Fair point. I managed to find some time to make a MWE. Here's the link to a zip file containing both the input data (network and costs as csv dumps from our postgres db) and the code: https://www.dropbox.com/s/3iby8nil7zyi7q3/MWE.zip?dl=0

To use: just run "python mwe_main.py". The last line calculates a shortest path tree until 60mins for cost structure "49" (these are costs associated with car travel, the specific id has no meaning). Because this is only Belgium, mem usage when I run this is manageable (under 1Gb).

In general my question is: can this code be made more performant, both in terms of mem and speed ? Am I right in using GraphViews for each cost structure, where the view only contains the edges which have costs associated with them ? Does this make gt.shortest_distance() faster ?

The most production-critical part of the code here is point_drivetimes(). Any gain there in calculation time would be very valuable. The loading of the network and cost structure only need to happen once, so can be a bit slower.

Thx for helping me !

On Tue, Jun 22, 2021 at 9:43 AM Tiago de Paula Peixoto <tiago@skewed.de> wrote:
Dear Mathias,

It is not reasonable to expect us to make this kind of evaluation just
from partial code. As with anything, we need a minimal working example
to be able to say something concrete.

I would recommend you to try to separate the pandas dataframe
manipulation from the graph-tool side in order to determine which is
consuming more memory.


Am 22.06.21 um 09:24 schrieb Mathias Versichele:
> Hi all. Anyone can provide me with some insights here ? I know it's
> quite an open question here, and it might take some effort of course.
> Would anyone be available/willing to do an actual code audit of the code
> that I have ? This would be compensated of course. Feel free to contact
> me to discuss.
> Kind regards
> On Tue, Jun 15, 2021 at 8:45 PM Mathias Versichele
> <mathias.versichele@gmail.com <mailto:mathias.versichele@gmail.com>> wrote:
>     Hi, I've been using graph-tool for the last year or so for
>     calculating shortest-path trees on large-scale road networks. We
>     used to do this in a postgres database with the pgrouting extension,
>     but were continually confronted with unacceptable startup costs. The
>     switch to a python module using graph-tool has considerably sped up
>     our routing queries, but we are suffering from this service using
>     too much memory. I have the feeling I might be using graph-tool in a
>     wrong way, but before I dive into that, it would be good to know
>     what is the expected memory footprint for my use case.
>     Take for example a road network with 30Mio edges and 31 Mio nodes
>     (the combined road network of Belgium, Netherland, France and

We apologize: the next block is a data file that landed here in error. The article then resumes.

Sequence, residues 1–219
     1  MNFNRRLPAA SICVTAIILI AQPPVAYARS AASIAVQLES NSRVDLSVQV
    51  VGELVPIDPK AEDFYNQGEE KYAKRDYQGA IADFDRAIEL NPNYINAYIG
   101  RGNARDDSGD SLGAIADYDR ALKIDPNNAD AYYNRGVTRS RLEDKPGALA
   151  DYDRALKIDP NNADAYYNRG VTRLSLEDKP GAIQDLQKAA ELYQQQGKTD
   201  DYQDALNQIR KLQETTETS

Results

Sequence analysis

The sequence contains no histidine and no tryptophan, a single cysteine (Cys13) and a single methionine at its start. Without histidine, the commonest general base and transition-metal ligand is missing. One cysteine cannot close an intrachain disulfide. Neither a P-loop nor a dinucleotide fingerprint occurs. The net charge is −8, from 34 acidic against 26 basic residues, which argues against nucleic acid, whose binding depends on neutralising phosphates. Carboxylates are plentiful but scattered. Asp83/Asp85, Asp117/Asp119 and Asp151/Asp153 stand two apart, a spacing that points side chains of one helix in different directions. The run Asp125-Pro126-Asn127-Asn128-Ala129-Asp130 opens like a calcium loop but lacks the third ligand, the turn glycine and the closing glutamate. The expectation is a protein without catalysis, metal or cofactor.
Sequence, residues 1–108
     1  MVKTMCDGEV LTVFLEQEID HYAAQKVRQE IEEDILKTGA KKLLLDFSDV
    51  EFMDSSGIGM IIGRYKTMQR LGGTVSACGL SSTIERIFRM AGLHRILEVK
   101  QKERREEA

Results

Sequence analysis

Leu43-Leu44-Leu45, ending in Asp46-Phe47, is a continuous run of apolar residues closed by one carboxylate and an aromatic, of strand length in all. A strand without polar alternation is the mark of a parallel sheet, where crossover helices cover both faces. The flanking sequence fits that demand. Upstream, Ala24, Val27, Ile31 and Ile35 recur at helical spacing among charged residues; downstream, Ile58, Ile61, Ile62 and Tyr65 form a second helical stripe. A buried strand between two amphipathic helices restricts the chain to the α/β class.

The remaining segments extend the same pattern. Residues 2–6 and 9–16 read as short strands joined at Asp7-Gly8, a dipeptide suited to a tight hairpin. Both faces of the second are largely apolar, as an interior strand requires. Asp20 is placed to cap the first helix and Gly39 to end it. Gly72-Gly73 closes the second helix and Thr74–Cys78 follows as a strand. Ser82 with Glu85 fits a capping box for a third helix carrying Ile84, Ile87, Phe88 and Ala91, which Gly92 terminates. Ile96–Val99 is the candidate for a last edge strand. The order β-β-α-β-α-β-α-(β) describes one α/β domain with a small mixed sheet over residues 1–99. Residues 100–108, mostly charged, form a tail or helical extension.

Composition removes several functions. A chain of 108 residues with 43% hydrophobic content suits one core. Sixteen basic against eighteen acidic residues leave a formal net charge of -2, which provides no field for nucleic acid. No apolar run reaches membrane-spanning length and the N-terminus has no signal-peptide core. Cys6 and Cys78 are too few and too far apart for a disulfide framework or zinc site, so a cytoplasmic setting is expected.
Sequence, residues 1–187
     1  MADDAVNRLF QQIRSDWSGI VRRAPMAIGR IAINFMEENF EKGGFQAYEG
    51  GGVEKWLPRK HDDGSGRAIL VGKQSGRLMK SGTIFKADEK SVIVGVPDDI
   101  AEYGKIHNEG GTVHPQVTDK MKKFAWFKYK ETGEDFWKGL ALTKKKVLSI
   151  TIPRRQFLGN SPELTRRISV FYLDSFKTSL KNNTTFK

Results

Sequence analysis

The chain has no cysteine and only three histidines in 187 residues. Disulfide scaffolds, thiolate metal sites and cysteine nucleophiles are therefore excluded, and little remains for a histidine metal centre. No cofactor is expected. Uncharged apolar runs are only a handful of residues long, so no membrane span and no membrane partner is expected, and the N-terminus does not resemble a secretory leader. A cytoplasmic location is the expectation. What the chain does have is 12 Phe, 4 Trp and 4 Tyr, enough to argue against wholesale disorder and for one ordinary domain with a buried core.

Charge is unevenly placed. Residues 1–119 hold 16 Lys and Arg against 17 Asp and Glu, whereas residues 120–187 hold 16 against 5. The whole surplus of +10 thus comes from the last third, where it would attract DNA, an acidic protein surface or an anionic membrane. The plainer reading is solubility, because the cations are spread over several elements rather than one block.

>     Germany in OSM). For this road network, I need to calculate shortest
>     paths using different edge weights (edge property map). What would
>     be a  very rough estimate how much memory this would use ? For the
>     network only + per edge-property-map. In our setup, there would be
>     one edge-property-map with edge weights per country. We're currently
>     seeing usage of over 50Gb easily, spiking even higher when we're
>     loading extra cost structures or networks. Is that expected ? Or am
>     I experiencing memory leaks somewhere ?
>     How I'm using graph-tool right now:
>     *1) loading network*
>     /nw = dataframe with edges info in the structure: startnode-id,
>     endnode-id, edge-id, country/
>     G = gt.Graph(directed=True)
>     G.ep["edge_id"] = G.new_edge_property("int")
>     G.ep["country_id"] = G.new_edge_property("int16_t")
>     eprops = [G.ep["edge_id"], G.ep["country_id"]]
>     n = G.add_edge_list(nw.to_numpy(), hashed=True, eprops=eprops)
>     G.vertex_properties["n"] = n
>     *2) loading edge costs: I'm using GraphViews*
>     *
>     *
>     /countries = list of country-codes/
>     edge_filter = np.in1d(G.ep["country_id"].a, [get_country_id(c) for c
>     in countries])*
>     *
>     GV = gt.GraphView(G, efilt=edge_filter)
>     edges = GV.get_edges([GV.edge_index])
>     sources = G.vertex_properties["n"].a[edges[:,0]]
>     targets = G.vertex_properties["n"].a[edges[:,1]]
>     idxs = edges[:,2]
>     /db_costs = pandas dataframe with structure: source, target, cost
>     /
>     sti = np.vstack((idxs,sources,targets)).T
>     sti_df = pd.DataFrame({'idx': sti[:, 0], 'source': sti[:, 1],
>     'target': sti[:, 2]})
>     m = pd.merge(sti_df, db_costs, on=['source', 'target'], how='left',
>     sort=False)[['idx', 'c']]
>     wgts_list = m.sort_values(by=['idx']).T.iloc[1].to_numpy()
>     wgts_list = np.where(wgts_list==np.nan, np.iinfo(np.int32).max,
>     wgts_list)
>     wgts = GV.new_edge_property("int32_t")
>     wgts.fa = wgts_list
>     wgts.fa = np.where(wgts.fa==-2147483648, np.iinfo(np.int32).max,
>     wgts.fa)
>     GV.edge_properties[cs_ids_str] = wgts
>     GV2 = gt.GraphView(GV, efilt=wgts.fa != np.inf)
>     *3) I then use GV2 for calculating Dijkstra and such...*
>     I could of course work on an MWE of some sorts. But would be very
>     nice to get an estimate on mem footprint, and to see if I'm doing
>     sth really silly in the code above.
>     Thx!
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Tiago de Paula Peixoto <tiago@skewed.de>
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